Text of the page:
Posted by on August 29, 2014

Czech beer labelling has been baffling visitors to this fine country since before my time. Although almost everyone agrees that Czech beers are some of the finest the world has ever known, almost nobody can explain the Czech beer labelling system.

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Put simply, Czech beers are measured in degrees rather than ABV (Alcohol By Volume). Why, for goodness’ sake? What’s wrong with knowing that 5% of the volume of your beer is alcohol?

Well, for starters, what is the other 95% made of? Mostly water, obviously, but what produced that 5% of alcohol? Was it a beautifully crafted wort being devoured by healthy yeast to produce a full body, rich in character and inviting? Or has some unscrupulous brewer put profit before quality, brewed a beer so small it would pass for water and topped it up with something a true craftsman wouldn’t even clean a paintbrush with?

That’s the problem with ABV; it only measures the alcohol, not what produced it.The traditional Czech beer labelling system however, reflects the quality of the wort and the Original Gravity.

Czech Beer Labelling – Wort And All

The degrees which are used in the Czech beer labelling system are degrees of the Plato Scale (°P). This is a measure of the fermentable content of the wort. Specifically, it measures the weight of the sucrose content – a wort with 12° P has the same density as a water-sucrose mixture containing 12% of sucrose by weight.

Still with me? Good! Now, because the sucrose comes from lovely natural stuff like barley or wheat and not a sugar refinery, the beer will have body and soul. Fortifying beer-that-would-pass-for-water is the reason that the soulless Euro-Filth sold in many British pubs tastes like water-that-has-been-passed.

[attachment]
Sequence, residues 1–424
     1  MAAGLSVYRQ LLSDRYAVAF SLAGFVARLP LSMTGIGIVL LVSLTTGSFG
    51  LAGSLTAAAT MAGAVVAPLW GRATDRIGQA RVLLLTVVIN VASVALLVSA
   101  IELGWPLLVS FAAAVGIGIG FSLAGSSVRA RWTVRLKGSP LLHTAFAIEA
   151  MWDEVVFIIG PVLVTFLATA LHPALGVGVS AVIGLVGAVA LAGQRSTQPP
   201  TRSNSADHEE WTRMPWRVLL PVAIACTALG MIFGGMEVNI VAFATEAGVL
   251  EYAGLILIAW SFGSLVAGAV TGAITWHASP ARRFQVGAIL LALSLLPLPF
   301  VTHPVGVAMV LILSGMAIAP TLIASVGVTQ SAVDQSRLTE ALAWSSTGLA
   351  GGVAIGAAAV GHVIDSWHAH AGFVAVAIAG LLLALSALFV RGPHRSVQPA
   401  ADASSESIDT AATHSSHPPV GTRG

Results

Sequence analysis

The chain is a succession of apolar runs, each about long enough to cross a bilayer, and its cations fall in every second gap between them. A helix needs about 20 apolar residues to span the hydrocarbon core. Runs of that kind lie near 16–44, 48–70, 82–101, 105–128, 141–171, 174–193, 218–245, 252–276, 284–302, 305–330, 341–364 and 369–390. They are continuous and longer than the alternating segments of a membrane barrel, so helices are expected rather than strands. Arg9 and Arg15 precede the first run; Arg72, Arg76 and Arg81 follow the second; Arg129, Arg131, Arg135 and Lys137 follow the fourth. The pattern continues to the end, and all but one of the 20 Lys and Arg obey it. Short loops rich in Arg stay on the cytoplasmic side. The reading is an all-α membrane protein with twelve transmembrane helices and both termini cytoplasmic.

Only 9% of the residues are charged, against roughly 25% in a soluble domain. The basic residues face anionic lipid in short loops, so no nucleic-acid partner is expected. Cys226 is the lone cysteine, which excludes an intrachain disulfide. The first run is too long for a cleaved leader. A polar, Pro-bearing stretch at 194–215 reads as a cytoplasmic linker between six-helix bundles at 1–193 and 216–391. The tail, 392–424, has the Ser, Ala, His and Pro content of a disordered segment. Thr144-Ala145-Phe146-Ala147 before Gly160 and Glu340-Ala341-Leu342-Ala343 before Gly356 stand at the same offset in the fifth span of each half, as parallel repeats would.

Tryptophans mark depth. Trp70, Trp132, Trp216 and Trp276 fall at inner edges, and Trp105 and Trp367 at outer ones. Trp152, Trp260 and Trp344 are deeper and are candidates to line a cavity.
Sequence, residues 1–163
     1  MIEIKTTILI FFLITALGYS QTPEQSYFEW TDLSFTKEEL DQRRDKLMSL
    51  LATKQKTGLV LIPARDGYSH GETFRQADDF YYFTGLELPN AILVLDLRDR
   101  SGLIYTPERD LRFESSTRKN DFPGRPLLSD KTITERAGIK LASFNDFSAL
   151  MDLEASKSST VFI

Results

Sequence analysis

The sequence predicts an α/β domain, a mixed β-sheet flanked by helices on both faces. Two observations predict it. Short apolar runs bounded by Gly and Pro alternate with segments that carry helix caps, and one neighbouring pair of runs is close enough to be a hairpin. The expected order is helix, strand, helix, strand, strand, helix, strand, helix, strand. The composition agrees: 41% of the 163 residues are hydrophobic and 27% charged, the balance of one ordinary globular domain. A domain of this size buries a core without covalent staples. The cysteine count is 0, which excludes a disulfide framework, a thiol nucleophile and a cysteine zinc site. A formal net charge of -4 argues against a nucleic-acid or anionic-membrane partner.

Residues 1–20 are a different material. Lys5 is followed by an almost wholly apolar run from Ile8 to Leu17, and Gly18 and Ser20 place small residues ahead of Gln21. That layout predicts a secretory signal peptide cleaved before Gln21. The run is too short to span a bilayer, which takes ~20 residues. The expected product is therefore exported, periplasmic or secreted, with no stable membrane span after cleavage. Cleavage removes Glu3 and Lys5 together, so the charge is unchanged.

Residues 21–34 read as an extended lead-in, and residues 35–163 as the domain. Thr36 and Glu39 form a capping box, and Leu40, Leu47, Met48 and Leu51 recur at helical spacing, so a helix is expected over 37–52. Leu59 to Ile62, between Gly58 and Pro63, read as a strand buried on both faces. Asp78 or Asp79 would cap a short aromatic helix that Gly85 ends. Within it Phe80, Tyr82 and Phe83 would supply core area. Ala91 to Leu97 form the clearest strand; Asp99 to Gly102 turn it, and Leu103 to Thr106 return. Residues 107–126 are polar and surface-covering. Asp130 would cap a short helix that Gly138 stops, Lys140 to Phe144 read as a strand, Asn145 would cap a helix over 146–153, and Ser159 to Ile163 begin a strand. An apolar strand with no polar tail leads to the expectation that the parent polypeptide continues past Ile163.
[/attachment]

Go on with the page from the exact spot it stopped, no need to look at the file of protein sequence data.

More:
A good quality wort, made from natural ingredients, will have a high sucrose content and therefore a higher number of degrees Plato. Certainly, it will fuel more alcohol production, resulting in a higher alcohol content but more importantly for the beer lover, it will have a fuller flavour.

There is no simple way to convert °P into ABV but dividing it by 2.5 is a good rule of thumb. If you want the maths behind it all, Wikipedia has an article full of impressive-looking equations which I’m afraid I can neither understand nor verify! Typical beers in most pubs are 10° (around 4% ABV) or 12° (4.8-ish % ABV). Offerings at beer festivals can be considerably higher!

Sadly, some of the industrial brewers in the Czech Republic are starting to adopt the ABV system because they sell internationally and ABV is recognised throughout the world. However, according to every beer-lover I’ve spoken to, this is no reason not to also print the number of degrees on the label. The more cynical beer-lovers tell me it’s an excuse they use so that they can cut costs legally. An 8° beer (about 3.2%) can be ‘fortified’ and sold as a 4.8% beer but not as a 12° beer.

Some may bemoan the falling standards of these brewers but I like to look on the bright side… if they hadn’t put profit before quality there would be no gap in the market for the hundreds of micro-breweries which have appeared over the last decade. Leave that industrial muck for the alcoholics and tourists and come with us; there’s plenty of quality if you know where to find it!

Posted in: Czech Beer Tasting